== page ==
Deer Crashes Could Reduce With Permanent Daylight Savings Time, Study Shows

by Megan Molseed
(Getty Images/Fokusiert)

A recent study is noting that there would be a marked decrease in crashes involving animals, primarily deer if permanent daylight savings time were to be instituted. These decreases were determined by researchers who studied wildlife collision data collected from 23 states. The experts then took this information to create a model that estimates the impacts a permanent daylight savings time would have nationwide.

Various State Police Agencies Respond To Thousands Of Calls To Respond To Vehicle Crashes That Involve Deer

State police officials all over the country see a marked increase in vehicle crashes involving deer this year. And, the experts say, the majority of the calls come after we fall back, losing an hour to daylight saving time. So, this had the agencies wondering: would a permanent daylight savings time help reduce the number of these crashes?

The study which is recorded in the Current Biology journal concludes that if the United States kept daylight savings time year-round as many as 37,000 fewer deer would be struck by a car in a vehicle versus deer impacts each year. The marked decrease in these collisions would lead to around 33 fewer human deaths. It also translates into a decrease in annual injuries by the thousands as well as savings of as much as $1.2 billion in damages.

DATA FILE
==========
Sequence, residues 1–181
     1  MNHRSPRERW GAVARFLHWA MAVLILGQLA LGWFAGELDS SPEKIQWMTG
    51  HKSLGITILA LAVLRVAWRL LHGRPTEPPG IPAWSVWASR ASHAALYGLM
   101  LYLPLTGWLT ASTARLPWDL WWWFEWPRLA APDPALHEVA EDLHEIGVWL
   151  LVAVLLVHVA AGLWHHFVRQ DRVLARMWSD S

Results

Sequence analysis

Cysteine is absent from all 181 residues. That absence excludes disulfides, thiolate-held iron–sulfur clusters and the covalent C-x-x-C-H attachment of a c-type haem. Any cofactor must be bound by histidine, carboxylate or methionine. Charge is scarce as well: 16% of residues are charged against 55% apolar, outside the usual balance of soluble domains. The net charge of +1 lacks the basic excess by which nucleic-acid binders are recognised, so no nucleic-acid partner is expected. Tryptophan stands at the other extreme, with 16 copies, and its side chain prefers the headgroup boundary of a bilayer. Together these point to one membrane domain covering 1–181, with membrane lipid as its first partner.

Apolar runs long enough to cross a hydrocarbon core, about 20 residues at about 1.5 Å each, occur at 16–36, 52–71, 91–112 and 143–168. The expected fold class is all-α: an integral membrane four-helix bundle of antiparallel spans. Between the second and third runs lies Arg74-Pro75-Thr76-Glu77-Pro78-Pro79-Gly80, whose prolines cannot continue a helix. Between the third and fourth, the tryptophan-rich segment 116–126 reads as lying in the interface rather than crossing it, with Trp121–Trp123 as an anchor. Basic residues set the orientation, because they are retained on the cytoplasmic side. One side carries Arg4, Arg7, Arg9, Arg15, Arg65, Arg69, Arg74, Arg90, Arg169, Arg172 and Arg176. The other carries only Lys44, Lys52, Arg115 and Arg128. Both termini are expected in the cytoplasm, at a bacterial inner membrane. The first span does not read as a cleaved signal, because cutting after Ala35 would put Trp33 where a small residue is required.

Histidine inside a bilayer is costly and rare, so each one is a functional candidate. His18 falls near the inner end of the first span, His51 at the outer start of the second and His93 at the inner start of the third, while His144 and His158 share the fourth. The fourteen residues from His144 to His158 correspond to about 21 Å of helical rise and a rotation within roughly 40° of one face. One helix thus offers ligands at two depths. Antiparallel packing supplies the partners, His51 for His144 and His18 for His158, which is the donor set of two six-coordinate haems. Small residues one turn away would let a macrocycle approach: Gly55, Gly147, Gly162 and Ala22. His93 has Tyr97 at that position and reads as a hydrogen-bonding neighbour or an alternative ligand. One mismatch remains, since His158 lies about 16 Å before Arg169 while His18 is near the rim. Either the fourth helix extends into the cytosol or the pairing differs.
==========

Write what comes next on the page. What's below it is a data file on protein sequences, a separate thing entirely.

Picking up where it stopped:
“Specifically, this morning at around 7 o’clock,” notes Maryland State Police Trooper 1st Class Gregory Wilson.

“We did have one here in Baltimore County of a deer strike that did occur,” says Wilson. “So, it is something that is common.”

Could This Change Simply Switch The Dangerous Time From Evening To Early Morning?

Experts do note, however, that this move may not be the total solution it initially seems to be. The shift would just make it darker longer in the early morning hours rather than simply in the evening hours. Deer are more active at both dawn and dusk. So this may simply mean the dawn activity would increase.

“I believe the study that was done specifically relating to deer is they’re more active during dawn or dusk,” Wilson says.

“So, it’s just shifting that from one point in time of the day to the other,” he continues.

The report also notes that drivers communicating will be facing less time in rush-hour traffic during the dark hours. This translates into fewer accidents.

“Just like the hunters have their deer season, this is kind of our deer season,” notes autobody expert Nate Lashno.

“Typically, the driver of the vehicles don’t see it until it happens,” Lashno adds.

“They’re running into the side of the vehicles more often,” he continues. “So basically, (there’s) a front impact, an offset front impact, sometimes (the deer) even run into the doors.”